Bumpa Bits - has anyone used them and do they work?

Getaway Farms

In the Brooder
6 Years
Jan 12, 2014
I have had trouble with feather pecking in my flock of hens for almost 8 months. I have 23 Black Star hens and 3 Orpington hens in the same coop. Almost half my hens have at least a small bald patch around their vent and/or back. Some have large bald patches. The feather pecking started last winter when we had a long Manitoba, Canada cold spell of minus 30 and colder and the hens were locked in a coop. Initially I thought the problem was having 3 roosters in the same coop which were constantly pouncing on the hens. I removed the roosters expecting the feathers to grow back, but they did not.

I suspected that they may have mites, I have looked for mites on several occasions during the day and night and have not found any.

Since spring the hens are allowed to free range for several hours a day. I only allow 1 rooster to free range with the hens at a time and I keep the roosters in a separate pen when the hens are not free ranging. I moved the hens to a new 10`x 12`coop to give them more room. I have tried keeping badly de-feathered hens in a separate pen and feeding them a boosted protein diet to grow their feathers back before returning them to the flock. I have tried separating suspect feather pecking hens. I have tried using anti-feather pecking gel products on the pecked hens. Everything that I have tried has had a minimal impact on the problem.

Winter is coming and I want to add some new spring hens to the flock, but I am hesitant until the feather pecking problem has stopped.

I have considered several steel bit type products and peepers which are kind of like blinders which attach to the beak by clipping into the nostrils, but these seem a little cruel.

I am really curious about the Bumpa Bits. I see that they are available on amazon in the UK, but they will not ship to Canada.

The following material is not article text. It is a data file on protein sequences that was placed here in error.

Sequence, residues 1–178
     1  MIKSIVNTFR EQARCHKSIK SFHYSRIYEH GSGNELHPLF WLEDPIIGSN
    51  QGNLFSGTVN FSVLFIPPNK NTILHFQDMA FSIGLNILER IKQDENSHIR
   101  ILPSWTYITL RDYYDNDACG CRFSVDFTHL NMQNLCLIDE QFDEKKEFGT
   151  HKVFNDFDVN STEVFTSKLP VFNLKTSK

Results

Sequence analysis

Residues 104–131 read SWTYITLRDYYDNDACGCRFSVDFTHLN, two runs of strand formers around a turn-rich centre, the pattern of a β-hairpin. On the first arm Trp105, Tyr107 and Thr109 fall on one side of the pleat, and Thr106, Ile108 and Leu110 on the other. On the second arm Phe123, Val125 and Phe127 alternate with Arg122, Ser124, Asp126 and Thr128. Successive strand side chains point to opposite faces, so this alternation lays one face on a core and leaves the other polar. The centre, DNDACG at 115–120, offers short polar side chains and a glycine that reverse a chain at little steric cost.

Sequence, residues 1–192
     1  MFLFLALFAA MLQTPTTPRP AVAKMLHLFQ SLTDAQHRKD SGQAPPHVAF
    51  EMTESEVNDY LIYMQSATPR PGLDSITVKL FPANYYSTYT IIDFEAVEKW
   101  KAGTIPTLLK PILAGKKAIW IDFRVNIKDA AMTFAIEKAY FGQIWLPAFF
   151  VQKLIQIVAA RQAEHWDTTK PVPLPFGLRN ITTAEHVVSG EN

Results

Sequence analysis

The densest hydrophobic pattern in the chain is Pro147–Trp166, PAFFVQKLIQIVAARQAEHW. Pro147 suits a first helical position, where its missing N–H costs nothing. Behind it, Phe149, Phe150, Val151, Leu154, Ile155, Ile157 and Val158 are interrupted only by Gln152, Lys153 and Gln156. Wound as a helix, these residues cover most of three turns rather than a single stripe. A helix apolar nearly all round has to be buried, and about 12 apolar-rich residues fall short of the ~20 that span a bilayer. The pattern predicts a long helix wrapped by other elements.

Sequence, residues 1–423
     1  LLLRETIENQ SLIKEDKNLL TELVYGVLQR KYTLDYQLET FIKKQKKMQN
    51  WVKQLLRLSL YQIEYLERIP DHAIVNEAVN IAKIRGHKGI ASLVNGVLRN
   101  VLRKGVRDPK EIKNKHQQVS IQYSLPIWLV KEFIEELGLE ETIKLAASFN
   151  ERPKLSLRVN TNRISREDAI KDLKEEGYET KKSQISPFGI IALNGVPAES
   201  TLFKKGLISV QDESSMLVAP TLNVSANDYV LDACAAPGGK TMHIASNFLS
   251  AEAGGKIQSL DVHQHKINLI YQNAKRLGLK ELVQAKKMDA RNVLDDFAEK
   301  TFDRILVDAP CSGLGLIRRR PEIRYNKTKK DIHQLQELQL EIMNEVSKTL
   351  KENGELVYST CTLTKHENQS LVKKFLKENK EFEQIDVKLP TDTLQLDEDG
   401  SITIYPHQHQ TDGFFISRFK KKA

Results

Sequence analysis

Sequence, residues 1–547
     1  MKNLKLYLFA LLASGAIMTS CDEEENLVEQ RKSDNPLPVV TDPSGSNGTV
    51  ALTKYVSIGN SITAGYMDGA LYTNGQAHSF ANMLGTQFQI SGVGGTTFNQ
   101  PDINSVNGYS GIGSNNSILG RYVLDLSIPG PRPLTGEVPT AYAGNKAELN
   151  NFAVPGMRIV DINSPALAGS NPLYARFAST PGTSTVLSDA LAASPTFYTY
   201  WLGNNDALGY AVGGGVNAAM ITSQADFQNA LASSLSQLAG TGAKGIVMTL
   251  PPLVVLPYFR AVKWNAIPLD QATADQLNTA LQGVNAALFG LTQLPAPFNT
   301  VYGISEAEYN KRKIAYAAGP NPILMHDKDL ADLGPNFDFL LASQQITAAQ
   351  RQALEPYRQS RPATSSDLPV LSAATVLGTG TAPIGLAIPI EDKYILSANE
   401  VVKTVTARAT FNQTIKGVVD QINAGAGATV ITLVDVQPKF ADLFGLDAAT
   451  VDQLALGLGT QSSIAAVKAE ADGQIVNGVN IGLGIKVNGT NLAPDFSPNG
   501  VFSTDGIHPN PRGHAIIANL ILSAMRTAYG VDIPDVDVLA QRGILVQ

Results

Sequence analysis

Has anyone used these Bumpa Bits?

Are they available in Canada or the United States? If so from where?

I have read that with these bits the hens will not be able to preen themselves. Is this a problem?

Any other suggestions on how to stop the feather pecking?

Thank you from Beausejour, Manitoba, Canada
The current coop: The coop that they have been in for the last 5 months is 10 feet x 12 feet (120 square foot floor space) with a 7 foot ceiling. I have enough roost space for all birds. I have 8 nesting boxes as well as shelving for additional space. I have a light on a timer in the coop so that they get 16-17 hours of light daily.

Prior to 5 months ago: Prior to the new coop 5 months ago, the chickens were in an 8 feet x 8 feet (64 square foot floor space) with a 7 foot ceiling, roosts and 4 nesting boxes (too few nesting boxes which may have caused stress in the coop). The old coop was a little tight and I had a few more hens last winter. I sold a couple hens and a few died, none died from cannibalism. Another issue with my old coop is that it was not insulated and with our cold winter I had a heat lamp on 24 hours a day so that the chickens stayed relatively warm. Too much light can cause stress as well.

I have trimmed the very tips of the beaks of most of my hens with nail clippers as well, hoping that this would stop the feather pecking, but it hasn't really helped.

I thought it could possibly be diet related. The hens always have hen ration and water available. They always have a small bin of crushed limestone and crushed oyster shells to pick at. I feed them whole grain wheat daily. I feed them vegetable and fruit scraps from the house almost daily.

I think I have a few hens that just have developed a habit to feather peck and I have to find a way to make them stop.

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